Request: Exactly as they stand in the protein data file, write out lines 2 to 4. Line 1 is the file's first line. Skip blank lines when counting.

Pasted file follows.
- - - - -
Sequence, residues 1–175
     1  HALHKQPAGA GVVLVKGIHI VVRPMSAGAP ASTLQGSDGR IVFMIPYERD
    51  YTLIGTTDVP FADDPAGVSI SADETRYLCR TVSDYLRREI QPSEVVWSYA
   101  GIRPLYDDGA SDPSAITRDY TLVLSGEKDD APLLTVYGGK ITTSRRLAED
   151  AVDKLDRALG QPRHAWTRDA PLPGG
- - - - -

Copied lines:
     1  HALHKQPAGA GVVLVKGIHI VVRPMSAGAP ASTLQGSDGR IVFMIPYERD
    51  YTLIGTTDVP FADDPAGVSI SADETRYLCR TVSDYLRREI QPSEVVWSYA
   101  GIRPLYDDGA SDPSAITRDY TLVLSGEKDD APLLTVYGGK ITTSRRLAED